Rope and Binder
From time immemorial, while still living in caves as a primitive and semi-wild man, man has realized the importance and efficiency of the rope. At first, he was able to make a rope by tying the fibers of the trees together that were used to carry hunting and so on. However, living next to water areas such as rivers and streams, he thought of using these waterways to facilitate and save time for the transportation of passengers and goods. Of course, the rope was also the first means of connecting trees, which came to the aid of early humans and thus became boats. With the construction of the first sailing boats and the use of ropes in controlling sails and their anchors, the role of this commodity in the maritime industry became wider.
Fibers and natural materials were used to weave the original ropes but with the construction of large sailing ships and voyages in the oceans and vast seas, seafaring expanded and humans realized that due to the effects of the sun's rays and the sea's salty water, not every fiber is suitable for marine work. Natural ropes were especially difficult to store in warehouses. Because on long voyages, it quickly moldy and rotted due to bacteria and moisture.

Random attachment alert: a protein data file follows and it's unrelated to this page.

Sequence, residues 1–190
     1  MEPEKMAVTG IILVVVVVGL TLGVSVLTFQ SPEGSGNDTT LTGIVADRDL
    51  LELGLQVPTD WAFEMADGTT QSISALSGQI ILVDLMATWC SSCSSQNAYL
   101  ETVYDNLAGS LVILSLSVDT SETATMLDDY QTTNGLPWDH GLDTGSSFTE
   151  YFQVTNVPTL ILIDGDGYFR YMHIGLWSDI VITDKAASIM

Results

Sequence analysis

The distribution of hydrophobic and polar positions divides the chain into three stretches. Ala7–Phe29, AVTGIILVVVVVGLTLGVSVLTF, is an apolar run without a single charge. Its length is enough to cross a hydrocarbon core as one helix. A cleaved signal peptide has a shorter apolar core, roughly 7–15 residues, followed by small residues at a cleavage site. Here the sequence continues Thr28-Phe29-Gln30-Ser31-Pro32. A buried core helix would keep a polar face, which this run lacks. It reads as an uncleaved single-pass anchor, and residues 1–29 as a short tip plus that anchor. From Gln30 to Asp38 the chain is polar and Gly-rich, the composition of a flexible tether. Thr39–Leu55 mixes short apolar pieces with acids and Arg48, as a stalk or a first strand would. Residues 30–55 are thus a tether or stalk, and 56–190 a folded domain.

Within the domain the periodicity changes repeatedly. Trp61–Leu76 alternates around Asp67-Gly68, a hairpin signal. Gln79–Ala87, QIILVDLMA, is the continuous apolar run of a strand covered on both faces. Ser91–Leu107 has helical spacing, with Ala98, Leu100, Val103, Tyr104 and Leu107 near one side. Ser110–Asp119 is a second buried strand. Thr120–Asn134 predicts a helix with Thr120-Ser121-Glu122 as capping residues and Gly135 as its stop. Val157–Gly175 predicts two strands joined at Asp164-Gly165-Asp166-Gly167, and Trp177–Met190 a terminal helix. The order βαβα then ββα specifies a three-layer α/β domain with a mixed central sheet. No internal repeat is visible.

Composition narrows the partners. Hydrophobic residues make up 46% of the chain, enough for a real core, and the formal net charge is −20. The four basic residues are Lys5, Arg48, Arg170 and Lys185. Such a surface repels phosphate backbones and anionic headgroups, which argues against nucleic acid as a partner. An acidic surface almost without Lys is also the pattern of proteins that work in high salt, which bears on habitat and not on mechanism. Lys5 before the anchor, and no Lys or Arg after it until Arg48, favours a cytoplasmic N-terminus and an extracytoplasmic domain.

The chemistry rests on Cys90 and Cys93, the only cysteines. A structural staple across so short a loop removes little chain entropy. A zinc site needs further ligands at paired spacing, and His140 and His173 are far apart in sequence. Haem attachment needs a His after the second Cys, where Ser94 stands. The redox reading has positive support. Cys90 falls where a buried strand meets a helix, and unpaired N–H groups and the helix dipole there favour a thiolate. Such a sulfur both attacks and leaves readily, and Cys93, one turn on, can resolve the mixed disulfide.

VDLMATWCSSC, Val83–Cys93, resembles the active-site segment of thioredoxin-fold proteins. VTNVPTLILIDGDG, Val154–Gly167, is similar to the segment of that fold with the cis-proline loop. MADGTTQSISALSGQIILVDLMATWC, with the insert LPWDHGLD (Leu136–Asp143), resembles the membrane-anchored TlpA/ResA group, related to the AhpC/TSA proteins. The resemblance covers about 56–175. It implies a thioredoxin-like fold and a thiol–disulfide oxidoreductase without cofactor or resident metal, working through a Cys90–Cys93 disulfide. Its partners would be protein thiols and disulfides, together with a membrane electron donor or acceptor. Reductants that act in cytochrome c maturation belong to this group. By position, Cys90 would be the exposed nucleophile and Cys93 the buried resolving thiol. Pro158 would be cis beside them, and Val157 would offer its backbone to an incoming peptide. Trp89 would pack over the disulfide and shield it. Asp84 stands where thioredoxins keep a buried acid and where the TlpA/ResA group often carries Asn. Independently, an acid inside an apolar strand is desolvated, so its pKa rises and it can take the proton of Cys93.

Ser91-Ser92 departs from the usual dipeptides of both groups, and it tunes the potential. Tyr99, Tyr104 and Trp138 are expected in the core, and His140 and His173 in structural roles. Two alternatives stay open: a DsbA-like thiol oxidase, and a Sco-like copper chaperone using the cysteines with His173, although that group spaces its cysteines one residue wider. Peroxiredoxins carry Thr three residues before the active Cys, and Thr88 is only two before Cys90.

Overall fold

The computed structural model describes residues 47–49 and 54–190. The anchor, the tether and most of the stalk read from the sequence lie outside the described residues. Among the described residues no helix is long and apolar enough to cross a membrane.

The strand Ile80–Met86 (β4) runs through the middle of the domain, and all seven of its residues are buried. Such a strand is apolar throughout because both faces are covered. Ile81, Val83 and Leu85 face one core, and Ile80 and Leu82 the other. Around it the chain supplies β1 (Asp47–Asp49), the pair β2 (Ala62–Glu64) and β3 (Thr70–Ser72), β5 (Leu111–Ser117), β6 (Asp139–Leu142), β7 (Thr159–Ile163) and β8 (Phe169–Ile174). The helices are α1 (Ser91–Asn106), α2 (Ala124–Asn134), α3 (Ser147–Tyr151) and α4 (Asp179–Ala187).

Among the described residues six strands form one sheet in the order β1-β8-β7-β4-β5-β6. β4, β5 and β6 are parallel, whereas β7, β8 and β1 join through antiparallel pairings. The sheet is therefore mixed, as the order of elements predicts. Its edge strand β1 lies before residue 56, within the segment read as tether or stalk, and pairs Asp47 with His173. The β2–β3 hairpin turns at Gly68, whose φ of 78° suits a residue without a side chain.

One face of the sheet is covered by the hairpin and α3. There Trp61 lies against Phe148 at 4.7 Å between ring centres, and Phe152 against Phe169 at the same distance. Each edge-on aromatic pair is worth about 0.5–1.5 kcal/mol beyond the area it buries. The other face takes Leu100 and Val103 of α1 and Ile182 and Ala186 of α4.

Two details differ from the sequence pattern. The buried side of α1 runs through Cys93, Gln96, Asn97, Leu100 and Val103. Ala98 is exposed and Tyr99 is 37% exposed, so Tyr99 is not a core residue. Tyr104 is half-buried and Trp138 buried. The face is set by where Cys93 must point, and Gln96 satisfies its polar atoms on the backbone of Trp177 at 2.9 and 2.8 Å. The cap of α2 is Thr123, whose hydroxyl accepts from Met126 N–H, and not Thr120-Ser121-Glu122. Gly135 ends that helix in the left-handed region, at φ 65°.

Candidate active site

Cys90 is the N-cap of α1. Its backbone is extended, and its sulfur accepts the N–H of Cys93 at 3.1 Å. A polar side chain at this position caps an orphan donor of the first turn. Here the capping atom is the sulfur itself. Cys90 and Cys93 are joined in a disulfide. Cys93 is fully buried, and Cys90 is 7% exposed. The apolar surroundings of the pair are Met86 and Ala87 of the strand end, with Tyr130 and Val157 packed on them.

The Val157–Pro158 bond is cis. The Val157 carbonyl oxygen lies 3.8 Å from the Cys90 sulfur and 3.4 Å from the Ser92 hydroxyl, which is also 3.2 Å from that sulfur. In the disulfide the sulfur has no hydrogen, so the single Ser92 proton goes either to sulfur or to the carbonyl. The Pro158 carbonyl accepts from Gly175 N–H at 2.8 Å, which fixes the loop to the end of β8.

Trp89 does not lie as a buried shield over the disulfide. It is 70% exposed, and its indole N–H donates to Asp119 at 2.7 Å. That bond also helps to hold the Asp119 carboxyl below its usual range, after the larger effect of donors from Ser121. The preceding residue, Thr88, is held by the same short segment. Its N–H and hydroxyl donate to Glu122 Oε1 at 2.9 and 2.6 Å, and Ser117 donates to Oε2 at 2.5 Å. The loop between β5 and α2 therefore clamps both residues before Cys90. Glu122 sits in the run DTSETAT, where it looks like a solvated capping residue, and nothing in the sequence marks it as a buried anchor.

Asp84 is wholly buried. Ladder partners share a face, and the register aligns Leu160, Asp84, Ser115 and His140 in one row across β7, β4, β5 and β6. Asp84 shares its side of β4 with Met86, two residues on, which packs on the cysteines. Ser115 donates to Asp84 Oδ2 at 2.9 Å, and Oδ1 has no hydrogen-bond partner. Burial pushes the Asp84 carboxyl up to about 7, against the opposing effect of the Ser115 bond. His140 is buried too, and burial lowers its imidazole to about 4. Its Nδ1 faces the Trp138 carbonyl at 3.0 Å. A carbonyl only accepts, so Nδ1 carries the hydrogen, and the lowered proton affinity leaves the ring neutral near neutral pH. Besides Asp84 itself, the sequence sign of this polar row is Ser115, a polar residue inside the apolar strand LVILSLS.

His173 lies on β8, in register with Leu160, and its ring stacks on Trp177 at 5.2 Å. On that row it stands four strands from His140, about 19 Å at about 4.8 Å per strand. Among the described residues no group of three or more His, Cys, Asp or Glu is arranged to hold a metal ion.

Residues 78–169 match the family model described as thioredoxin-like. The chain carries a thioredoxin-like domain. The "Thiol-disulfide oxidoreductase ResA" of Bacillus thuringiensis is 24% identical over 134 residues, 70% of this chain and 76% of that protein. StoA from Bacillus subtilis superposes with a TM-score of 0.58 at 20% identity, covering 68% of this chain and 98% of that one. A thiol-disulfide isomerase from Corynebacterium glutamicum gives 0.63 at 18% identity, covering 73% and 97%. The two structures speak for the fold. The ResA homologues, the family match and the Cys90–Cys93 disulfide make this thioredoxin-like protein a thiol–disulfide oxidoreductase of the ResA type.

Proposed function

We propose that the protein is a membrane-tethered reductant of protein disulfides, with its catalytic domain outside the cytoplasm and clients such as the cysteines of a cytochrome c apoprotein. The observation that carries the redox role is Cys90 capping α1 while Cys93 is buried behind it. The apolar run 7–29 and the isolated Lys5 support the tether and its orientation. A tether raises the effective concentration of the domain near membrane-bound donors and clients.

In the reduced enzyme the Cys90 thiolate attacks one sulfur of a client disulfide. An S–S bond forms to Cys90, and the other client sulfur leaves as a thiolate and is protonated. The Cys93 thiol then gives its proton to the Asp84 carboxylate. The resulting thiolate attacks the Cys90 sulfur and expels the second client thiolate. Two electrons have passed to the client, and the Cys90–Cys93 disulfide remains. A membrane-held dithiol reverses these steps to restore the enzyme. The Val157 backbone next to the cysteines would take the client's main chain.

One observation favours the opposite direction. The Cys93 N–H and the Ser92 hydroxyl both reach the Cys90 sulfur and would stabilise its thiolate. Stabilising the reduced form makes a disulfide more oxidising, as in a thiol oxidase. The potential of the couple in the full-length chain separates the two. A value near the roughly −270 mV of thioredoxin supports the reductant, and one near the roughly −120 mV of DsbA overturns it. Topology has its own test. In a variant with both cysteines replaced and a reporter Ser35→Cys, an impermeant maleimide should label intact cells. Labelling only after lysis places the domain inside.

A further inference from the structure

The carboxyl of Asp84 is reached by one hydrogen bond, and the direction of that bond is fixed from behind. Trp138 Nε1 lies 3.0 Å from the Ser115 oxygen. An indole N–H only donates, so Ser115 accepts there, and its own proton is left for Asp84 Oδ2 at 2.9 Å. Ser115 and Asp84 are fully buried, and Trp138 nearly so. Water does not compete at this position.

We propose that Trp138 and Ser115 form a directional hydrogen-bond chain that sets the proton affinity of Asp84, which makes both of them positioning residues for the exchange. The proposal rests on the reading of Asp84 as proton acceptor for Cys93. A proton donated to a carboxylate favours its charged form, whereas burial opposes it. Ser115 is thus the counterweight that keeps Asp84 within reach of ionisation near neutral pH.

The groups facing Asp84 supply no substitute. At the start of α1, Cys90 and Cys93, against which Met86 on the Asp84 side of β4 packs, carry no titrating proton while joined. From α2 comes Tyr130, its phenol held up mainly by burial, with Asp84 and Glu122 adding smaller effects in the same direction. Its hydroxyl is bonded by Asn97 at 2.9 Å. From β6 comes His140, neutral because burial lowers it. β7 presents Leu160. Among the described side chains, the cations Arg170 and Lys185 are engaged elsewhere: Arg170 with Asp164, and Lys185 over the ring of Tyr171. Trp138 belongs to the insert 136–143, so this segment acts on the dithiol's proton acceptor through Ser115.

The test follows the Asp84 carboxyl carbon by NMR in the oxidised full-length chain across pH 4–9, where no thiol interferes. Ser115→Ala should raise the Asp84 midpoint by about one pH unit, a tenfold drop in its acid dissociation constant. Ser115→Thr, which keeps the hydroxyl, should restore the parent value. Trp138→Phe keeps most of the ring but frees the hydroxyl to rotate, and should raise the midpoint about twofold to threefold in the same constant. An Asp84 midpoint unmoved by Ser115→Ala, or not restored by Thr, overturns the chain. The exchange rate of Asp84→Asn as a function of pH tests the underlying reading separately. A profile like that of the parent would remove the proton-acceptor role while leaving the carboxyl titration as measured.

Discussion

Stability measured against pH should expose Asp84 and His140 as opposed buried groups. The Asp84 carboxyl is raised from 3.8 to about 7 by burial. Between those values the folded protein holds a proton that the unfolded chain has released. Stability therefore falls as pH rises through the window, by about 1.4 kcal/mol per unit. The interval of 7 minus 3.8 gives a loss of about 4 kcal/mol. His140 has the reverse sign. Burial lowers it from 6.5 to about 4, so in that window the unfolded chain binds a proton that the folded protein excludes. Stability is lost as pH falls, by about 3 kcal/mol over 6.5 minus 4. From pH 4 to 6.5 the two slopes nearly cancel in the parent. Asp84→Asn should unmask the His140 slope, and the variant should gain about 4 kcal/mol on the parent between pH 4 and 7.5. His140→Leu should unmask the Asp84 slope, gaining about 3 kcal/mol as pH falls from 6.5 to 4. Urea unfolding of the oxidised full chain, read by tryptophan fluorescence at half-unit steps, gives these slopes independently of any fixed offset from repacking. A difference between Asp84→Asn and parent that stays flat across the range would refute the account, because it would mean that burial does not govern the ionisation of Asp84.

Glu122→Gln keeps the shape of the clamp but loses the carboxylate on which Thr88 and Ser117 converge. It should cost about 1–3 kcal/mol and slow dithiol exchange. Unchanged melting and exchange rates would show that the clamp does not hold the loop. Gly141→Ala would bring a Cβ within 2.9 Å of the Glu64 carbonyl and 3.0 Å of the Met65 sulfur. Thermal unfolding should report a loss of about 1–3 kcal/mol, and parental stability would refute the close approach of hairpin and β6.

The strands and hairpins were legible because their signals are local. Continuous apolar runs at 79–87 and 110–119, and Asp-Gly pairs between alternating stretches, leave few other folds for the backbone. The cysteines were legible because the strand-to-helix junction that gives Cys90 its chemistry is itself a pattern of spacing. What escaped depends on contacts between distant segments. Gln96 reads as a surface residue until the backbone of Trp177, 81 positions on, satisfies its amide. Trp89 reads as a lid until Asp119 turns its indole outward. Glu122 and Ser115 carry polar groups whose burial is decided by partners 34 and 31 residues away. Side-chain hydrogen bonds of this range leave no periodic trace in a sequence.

With the passage of time and the development of the maritime industry, the need for ropes which were once used only for touring, livestock and curb control, increased. With the beginning of the twentieth century and the widespread use of motor power in the movement of ships that made vessels unmanned by sailing, the development of merchant, passenger and military fleets not only did not reduce the importance and efficiency of marine ropes, but also increased them. So that sailors are still the only group that is well-versed in the techniques of using ropes, and reputable insurance companies such as Lloyd's apply special rules for the use and construction of ropes by construction companies when insuring vessels.